(A) Example FACS plots of ex vivo staining with MHC class II tetramer DRB01*01 NS31806–1818 in volunteers 003 (vaccinated with ChAd3/MVA-NSmut) and 004 (vaccinated with ChAd3/MVA-hIiNSmut) over the study time course. (B) The percentage of specific CD4+ T cells stained with a single tetramer (for PEA03-01113, 17, 18, 22) or a combination of them (for PEA03-01119, 26) is shown over time for individual volunteer receiving ChAd3-hIiNSmut/MVA-hIiNSmut vaccination (n = 6). (C) The percentage of the tetramer+ CD4+ cells expressing CD127 from volunteers vaccinated with ChAd3/MVA-NSmut (gray symbols) or ChAd3/MVA-hIiNSmut (black symbols) at peak after prime (green bars; gray, n = 3; black, n = 4), at peak after boost (yellow bars; gray, n = 4; black, n = 5), and at the EOS (light blue bars; gray, n = 4; black, n = 5). Only statistically significant differences are shown. (D) Pie charts display the proportion of tetramer+ CD4+ Tn, TemRA, Tcm, and Tem subsets over the course of the study for the two vaccination regimens, as specified by staining for CD45RA and CCR7 at peak after prime (NSmut, n = 3; hIiNSmut, n = 4) at peak after boost and EOS (NSmut, n = 4; hIiNSmut n = 5). Pie base, median.

Ii enhances CD8+ T cell responses by promoting antigen K48-linked ubiquitination and degradation

Having demonstrated an adjuvant effect of FL Ii in humans, we aimed to map the Ii minimal functional domain and to understand the mechanism of action. For this, we generated Ad5 vectors encoding FL mIi and also variants with deleted domains, fused to the model antigen ovalbumin (OVA) (Fig. 8A). As expected, mice vaccinated with Ad5-mIi-OVA showed enhanced OVA-specific IFN-γ–secreting CD8+ T cell responses compared to Ad5-OVA (Fig. 8B, P < 0.0001). Adjuvant activity was fully retained in deletion mutants lacking trimerization (mIi1-105) (P = 0.042), class II–associated Ii chain peptide (CLIP) (mIi1-80) (P < 0.0001), key motif (KEY) domains (mIi1-75) (P = 0.002), and the endosomal sorting signal (ESS) (mIiD-17) (P < 0.0001). Although mIi1-75 retained the adjuvant effect, a shorter mutant (mIi1-50) containing only the N-terminal ESS plus most of the transmembrane domain (TM) was ineffective at enhancing immune responses (Fig. 8B, P = 0.991). We therefore show that domains essential for the Ii physiological role in antigen presentation are fully dispensable for the enhancement of CD8+ T cell responses, whereas amino acids 50 to 75 are essential for T cell enhancement.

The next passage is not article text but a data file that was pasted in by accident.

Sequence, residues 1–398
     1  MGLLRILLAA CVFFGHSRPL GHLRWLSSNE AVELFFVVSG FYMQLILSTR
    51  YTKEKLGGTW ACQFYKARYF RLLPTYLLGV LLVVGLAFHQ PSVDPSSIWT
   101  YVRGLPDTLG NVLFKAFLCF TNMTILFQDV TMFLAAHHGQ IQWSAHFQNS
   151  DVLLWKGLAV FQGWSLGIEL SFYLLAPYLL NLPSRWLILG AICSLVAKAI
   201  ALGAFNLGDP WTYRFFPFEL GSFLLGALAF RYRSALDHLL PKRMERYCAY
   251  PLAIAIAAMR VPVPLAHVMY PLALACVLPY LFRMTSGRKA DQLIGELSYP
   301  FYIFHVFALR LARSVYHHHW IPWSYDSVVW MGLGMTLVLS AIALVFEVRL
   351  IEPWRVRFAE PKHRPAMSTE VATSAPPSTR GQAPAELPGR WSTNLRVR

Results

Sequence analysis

Fig. 8 Ii modulates CD8+ T cell immune responses by targeting fused antigens for K48-specific ubiquitination and proteasome-mediated degradation.